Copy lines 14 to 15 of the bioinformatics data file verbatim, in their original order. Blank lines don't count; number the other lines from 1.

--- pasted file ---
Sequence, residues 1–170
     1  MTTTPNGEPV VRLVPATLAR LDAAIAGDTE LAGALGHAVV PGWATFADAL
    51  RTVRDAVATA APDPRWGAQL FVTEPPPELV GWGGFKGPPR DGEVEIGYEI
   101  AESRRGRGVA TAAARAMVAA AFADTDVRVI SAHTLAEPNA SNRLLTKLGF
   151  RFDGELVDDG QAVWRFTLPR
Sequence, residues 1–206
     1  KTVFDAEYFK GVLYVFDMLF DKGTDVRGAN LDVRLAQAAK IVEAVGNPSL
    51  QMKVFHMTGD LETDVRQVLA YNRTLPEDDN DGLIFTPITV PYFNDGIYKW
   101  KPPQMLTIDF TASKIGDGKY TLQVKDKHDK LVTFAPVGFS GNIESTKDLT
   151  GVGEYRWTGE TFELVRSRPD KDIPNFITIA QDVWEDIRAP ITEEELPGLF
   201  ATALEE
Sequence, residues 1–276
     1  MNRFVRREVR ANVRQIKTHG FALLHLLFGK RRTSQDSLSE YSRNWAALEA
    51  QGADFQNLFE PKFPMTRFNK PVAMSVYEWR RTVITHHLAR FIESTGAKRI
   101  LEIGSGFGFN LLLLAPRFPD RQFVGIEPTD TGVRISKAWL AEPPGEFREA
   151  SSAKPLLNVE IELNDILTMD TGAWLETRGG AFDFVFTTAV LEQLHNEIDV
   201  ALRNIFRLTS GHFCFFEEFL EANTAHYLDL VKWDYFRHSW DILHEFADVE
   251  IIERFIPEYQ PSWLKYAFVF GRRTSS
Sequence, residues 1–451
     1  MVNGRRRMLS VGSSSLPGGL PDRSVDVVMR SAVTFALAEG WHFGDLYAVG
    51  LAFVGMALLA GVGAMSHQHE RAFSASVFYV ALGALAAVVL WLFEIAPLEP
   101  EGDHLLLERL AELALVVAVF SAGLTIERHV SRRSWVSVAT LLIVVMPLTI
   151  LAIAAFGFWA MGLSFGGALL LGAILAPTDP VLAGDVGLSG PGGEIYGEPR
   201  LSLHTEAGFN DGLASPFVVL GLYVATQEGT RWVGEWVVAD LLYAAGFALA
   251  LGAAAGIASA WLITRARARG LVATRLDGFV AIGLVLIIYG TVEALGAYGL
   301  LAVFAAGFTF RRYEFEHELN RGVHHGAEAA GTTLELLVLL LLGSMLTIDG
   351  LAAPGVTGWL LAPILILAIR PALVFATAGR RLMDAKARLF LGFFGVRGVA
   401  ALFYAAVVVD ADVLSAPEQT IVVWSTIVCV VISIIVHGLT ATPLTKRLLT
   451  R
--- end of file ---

    51  QGADFQNLFE PKFPMTRFNK PVAMSVYEWR RTVITHHLAR FIESTGAKRI
   101  LEIGSGFGFN LLLLAPRFPD RQFVGIEPTD TGVRISKAWL AEPPGEFREA